Skip to main content

Licensed Wildlife Rehabilitators, How to Obtain Care for Orphaned, Injured and Otherwise Debilitated Wildlife

Photos of a bird, a deer, and two owls
When: Saturday, Jan 19, 2019 2:00 PM to 3:00 PM
Cost: FREE ADMISSION

The Southeastern Adirondack Chapter of the New York Forest Owners Association Welcomes the Public to Attend a Free Presentation by North Country Wild Care. Shari Olsen, Trish Marki, Members of the North Country Wild Care with Special Guests: Recovering Wildlife.

Please join us for this interesting presentation in which they will discuss:

  • Explaining North Country Wild Care and what they do/offer

  • Explaining what wildlife rehabilitators do and how they are able to do what they do

  • Explaining what the public should and shouldn't do in regards to orphaned and injured wildlife

  • Taking Your Questions

Wild animals, even baby ones, have wild instincts. They need to be kept wild for their own survival. Licensed Wildlife Rehabilitators aim to rehabilitate animals and release them back into their natural habitat. They work with all types of creatures, including squirrels, rabbits, deer, skunks, opossum, bobcats, foxes, chipmunks, porcupines, birds of all kinds including hawks, eagles and owls, and more.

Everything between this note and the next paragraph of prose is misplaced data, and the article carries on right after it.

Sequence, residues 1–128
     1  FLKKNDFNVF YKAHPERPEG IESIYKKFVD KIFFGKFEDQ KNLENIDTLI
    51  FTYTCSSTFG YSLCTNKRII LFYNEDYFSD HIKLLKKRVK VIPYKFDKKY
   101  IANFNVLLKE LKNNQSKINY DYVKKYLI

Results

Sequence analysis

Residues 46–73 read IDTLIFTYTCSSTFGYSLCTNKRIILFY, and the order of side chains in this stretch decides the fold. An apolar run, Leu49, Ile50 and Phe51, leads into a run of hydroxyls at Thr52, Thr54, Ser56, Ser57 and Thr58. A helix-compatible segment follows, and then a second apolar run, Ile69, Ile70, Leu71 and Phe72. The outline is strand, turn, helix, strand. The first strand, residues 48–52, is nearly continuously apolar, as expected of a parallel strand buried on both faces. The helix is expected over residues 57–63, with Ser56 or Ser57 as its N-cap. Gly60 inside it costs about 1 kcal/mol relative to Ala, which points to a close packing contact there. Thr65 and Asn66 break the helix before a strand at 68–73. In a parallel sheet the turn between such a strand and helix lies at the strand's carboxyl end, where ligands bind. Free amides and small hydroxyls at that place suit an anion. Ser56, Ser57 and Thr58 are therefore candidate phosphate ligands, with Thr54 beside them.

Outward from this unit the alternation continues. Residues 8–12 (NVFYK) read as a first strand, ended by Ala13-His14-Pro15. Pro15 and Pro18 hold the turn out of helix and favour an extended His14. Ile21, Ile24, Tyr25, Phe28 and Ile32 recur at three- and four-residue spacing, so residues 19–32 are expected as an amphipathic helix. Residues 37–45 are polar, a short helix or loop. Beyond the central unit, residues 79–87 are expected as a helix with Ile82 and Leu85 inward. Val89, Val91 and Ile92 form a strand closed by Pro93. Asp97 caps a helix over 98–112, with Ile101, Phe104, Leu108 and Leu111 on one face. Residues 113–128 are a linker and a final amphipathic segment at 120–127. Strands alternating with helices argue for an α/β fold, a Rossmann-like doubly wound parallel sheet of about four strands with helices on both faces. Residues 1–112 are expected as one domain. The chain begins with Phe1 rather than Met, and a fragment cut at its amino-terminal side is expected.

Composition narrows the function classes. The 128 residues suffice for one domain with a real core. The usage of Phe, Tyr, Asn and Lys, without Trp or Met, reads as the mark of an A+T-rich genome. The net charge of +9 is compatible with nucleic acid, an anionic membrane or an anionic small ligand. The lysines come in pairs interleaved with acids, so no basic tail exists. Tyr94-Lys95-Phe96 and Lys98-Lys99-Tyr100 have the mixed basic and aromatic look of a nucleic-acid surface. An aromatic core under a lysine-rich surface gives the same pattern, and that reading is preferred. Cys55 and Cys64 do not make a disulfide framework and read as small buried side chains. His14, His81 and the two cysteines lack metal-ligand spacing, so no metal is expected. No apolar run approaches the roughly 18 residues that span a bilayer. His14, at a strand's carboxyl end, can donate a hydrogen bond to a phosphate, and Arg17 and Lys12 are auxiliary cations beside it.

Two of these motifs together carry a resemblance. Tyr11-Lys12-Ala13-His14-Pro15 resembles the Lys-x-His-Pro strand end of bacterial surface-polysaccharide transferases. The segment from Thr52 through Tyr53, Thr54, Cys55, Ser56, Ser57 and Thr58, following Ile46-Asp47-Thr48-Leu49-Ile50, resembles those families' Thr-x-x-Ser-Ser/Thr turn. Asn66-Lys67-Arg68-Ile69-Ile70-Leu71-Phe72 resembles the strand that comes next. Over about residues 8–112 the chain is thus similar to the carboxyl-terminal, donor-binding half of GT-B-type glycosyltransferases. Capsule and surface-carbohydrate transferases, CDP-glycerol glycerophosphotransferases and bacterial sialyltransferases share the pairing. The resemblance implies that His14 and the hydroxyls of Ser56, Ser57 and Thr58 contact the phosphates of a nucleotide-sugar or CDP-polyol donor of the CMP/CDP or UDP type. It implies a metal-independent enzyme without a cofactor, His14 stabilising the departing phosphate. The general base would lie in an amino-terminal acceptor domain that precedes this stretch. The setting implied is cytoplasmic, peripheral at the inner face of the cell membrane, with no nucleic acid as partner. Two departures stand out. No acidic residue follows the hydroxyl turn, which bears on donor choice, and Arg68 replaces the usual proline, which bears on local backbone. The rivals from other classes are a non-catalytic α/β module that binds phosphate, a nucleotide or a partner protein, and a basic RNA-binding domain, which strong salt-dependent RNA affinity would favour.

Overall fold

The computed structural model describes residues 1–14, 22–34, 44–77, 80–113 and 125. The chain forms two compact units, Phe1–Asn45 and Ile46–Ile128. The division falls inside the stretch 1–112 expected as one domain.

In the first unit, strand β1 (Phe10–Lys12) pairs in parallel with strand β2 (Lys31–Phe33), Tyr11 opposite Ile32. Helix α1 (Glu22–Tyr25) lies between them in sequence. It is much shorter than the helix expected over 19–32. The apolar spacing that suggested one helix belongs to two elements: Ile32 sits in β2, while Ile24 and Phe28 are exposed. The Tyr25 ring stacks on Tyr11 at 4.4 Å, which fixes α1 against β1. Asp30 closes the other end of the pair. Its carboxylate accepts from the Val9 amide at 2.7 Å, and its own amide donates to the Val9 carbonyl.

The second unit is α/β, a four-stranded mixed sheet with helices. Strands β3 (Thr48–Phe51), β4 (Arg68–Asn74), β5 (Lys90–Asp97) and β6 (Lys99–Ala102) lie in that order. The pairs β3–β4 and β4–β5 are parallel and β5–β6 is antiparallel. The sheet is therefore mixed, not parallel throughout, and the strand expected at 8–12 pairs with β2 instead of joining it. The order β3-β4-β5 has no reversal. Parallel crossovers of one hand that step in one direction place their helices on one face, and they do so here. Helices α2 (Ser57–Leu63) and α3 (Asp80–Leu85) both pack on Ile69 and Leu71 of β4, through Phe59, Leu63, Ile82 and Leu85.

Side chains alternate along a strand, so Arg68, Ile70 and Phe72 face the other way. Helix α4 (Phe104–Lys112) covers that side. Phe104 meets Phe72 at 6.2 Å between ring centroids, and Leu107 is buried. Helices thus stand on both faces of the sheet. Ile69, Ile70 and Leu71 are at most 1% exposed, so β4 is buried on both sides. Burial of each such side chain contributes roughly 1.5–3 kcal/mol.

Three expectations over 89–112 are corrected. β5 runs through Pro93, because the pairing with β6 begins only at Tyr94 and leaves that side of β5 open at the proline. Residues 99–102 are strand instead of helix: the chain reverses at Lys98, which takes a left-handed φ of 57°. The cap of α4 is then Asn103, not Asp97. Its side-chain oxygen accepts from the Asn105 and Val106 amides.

North Country Wild Care is a non-profit 501(c)3. Their membership consists of a network of home based Licensed Wildlife Rehabilitators and other volunteers located in Schenectady, Warren, Washington, Saratoga, Albany, Rensselaer, Montgomery, Fulton and Essex Counties, New York.
New York Forest Owners Association mission is to promote sustainable forestry practices and improve private stewardship. NYFOA offers landowners the trusted and vetted resources they need for everyday best practices in forestry management. Our Southeastern Adirondack Chapter covers the Fulton, Hamilton, Saratoga, Warren, and Washington County region.


Back to events list

Incorrect info on this event listing or page? -- please email

Event times and information subject to change and not guaranteed.